Saudi Arabia has moved to damp speculation on its currency by barring domestic banks from dealing in forward contracts on the riyal as the kingdom seeks to shield its economy from the impact of the oil price plunge.
Bankers said the Saudi Arabian Monetary Authority had told lenders to refrain from engaging in trades on riyal forward options, which have come under intense pressure as traders bet that the oil-dependent kingdom’s fiscal strains will trigger a departure from decades of pegging the riyal to the US dollar.
“Foreigners need a local counterparty for these trades,” one Saudi banker said. “And Sama wants to stop them, so they asked local banks to suspend this (business.)”
Sama, which has repeated its commitment to the peg, hopes to staunch speculation by removing the Saudi counterparties required for the majority of these trades, the banker added.
However, the intervention is stoking unease about the government’s ability to manage the economy in the face of vastly reduced oil revenues. “This is bringing in uncertainty where there was supposed to be none,” said a Dubai-based banker.
Traders have been betting that the government will devalue the riyal to ease the fiscal strain that has been felt since oil prices, now at 12-year lows, collapsed 18 months ago.
Riyadh helped trigger the slide when it refused to cut its oil production in a bid to maintain its market share and edge out low-cost producers, such as shale.
Gulf oil exporters face a sharp economic slowdown this year as austerity measures threaten recession in Saudi Arabia, Oman and Bahrain, according to a report published by HSBC this week.
“Fifteen months into the region’s worst terms of trade shock in a generation, the pain is still getting worse,” HSBC said.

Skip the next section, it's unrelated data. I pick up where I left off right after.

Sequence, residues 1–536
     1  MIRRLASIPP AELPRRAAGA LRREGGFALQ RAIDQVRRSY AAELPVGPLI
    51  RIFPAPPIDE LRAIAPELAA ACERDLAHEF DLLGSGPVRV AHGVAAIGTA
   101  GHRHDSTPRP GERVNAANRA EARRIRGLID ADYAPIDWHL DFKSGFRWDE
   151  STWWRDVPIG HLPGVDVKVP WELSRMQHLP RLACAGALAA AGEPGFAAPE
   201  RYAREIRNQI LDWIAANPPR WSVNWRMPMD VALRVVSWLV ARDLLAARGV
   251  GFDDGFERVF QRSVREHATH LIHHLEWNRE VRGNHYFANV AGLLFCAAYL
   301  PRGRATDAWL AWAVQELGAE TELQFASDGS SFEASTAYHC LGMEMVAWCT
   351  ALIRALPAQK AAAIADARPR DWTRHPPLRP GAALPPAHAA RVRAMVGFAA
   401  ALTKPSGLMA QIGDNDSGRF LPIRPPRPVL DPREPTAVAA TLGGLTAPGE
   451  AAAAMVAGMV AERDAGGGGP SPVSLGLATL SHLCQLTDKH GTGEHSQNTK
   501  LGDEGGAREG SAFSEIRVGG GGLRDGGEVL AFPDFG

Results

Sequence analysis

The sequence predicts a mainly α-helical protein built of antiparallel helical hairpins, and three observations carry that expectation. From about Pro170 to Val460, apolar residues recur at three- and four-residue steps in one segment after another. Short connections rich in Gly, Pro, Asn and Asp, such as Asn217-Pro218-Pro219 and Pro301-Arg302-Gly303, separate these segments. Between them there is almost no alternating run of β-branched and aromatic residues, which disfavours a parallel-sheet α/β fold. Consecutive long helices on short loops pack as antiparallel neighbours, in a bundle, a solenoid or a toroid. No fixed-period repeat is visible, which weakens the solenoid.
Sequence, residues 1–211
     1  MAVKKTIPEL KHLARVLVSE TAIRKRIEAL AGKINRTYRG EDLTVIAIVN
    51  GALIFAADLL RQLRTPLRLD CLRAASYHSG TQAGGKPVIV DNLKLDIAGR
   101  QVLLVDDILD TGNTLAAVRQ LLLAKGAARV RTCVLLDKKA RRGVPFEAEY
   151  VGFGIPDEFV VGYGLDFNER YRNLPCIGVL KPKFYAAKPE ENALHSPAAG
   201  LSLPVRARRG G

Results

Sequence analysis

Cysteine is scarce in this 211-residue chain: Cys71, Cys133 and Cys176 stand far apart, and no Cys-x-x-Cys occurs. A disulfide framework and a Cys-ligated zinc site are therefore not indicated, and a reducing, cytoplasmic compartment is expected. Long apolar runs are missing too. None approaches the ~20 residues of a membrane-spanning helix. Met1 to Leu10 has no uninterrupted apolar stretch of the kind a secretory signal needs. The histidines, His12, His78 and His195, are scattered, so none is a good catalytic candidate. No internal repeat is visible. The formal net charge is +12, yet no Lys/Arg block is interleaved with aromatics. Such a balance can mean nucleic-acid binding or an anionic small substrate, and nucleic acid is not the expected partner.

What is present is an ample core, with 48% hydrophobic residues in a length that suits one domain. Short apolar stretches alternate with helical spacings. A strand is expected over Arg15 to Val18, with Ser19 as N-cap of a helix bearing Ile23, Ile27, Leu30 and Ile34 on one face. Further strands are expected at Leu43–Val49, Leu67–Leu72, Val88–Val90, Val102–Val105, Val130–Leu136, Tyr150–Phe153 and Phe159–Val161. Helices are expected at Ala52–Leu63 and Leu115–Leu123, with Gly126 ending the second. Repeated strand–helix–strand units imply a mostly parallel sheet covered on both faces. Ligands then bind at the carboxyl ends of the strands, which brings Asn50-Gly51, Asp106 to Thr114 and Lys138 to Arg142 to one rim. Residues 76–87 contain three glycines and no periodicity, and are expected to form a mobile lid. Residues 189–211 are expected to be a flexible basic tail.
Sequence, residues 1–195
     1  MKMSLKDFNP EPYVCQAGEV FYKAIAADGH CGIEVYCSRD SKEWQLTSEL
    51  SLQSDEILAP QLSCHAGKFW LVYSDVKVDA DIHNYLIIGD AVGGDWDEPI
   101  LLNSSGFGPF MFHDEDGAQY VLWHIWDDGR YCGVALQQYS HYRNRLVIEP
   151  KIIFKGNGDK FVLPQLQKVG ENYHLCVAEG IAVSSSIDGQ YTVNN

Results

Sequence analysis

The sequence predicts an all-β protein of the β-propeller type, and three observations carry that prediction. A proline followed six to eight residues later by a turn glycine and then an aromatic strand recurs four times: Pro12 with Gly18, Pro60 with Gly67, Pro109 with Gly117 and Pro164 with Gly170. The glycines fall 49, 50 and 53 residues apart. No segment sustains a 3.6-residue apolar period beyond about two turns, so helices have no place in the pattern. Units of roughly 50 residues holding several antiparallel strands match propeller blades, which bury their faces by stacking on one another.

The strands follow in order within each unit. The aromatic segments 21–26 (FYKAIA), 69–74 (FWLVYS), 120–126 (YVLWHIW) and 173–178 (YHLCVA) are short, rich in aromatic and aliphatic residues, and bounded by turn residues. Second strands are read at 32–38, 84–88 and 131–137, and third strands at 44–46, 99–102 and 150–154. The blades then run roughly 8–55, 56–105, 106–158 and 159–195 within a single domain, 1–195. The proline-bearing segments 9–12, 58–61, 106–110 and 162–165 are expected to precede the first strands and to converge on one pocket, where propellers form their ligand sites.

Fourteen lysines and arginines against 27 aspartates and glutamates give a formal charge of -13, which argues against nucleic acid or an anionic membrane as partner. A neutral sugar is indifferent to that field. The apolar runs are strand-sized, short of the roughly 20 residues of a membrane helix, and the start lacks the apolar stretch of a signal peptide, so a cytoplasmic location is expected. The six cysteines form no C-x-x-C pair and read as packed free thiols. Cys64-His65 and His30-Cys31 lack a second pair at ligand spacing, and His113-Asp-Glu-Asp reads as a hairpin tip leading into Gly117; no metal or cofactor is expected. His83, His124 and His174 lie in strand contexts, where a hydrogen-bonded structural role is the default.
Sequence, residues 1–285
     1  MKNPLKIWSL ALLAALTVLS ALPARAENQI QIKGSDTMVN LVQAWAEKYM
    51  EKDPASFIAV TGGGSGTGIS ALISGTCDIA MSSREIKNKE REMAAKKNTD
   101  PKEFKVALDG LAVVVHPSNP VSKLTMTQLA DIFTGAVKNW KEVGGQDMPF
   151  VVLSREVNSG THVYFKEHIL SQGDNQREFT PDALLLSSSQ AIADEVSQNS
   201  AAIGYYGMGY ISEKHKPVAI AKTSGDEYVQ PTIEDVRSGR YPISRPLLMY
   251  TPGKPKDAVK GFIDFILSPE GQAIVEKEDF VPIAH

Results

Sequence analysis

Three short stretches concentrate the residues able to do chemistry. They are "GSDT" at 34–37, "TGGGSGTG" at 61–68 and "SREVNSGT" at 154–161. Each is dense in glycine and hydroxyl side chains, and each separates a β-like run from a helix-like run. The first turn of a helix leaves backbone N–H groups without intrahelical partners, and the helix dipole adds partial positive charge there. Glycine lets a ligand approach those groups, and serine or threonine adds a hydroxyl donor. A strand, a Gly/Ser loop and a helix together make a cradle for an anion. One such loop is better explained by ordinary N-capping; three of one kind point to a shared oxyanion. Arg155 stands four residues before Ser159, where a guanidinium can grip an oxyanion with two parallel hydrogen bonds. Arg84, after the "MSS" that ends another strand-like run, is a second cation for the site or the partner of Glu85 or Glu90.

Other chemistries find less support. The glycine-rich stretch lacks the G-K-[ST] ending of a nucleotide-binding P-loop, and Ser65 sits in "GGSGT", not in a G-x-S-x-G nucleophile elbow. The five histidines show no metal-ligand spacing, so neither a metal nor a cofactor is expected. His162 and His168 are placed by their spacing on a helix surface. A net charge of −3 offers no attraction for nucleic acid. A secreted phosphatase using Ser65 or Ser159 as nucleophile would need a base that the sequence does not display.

The IMF this week downgraded its October estimate for the Saudi economy in 2016 by one percentage point to just 1.2 per cent. In 2015 it grew 3.4 per cent.
The triple threat of global economic uncertainty, spending cuts and tight bank liquidity — aggravated by US rate increases — is also unsettling regional business confidence. Added to this are renewed regional tensions between Riyadh and Tehran. Regional stock exchanges have suffered further sell-offs. The Saudi bourse has dropped 21 per cent this month and is 51 per cent down on its 2014 peak.
“We knew that 2016 was going to be bad, but we didn’t expect it all to come in the first three weeks,” said one Dubai-based market analyst.
The latest business data for Saudi and the UAE shows a sharp slowdown in managers’ confidence about the economic outlook during the last quarter of 2015, hitting multiyear lows this month.
“Unless a rally in oil prices comes to the rescue, our expectation is that this downturn in activity will deepen,” HSBC said.
As well as spending less, HSCB said governments would borrow more from local banks, putting upward pressure on rates as Gulf governments raise interest rates in line with the US just as “the region’s own worsening economic conditions would otherwise call for cuts.”
While devaluation of the riyal would bring in short-term financial gain, HSBC argues that this would not be worth overturning the three decades of stability that the peg has delivered.
“That credibility would be spent if the peg were to move now, robbing the domestic economy of its only anchor at a time when it faces its most pronounced strains in a generation,” the bank said.
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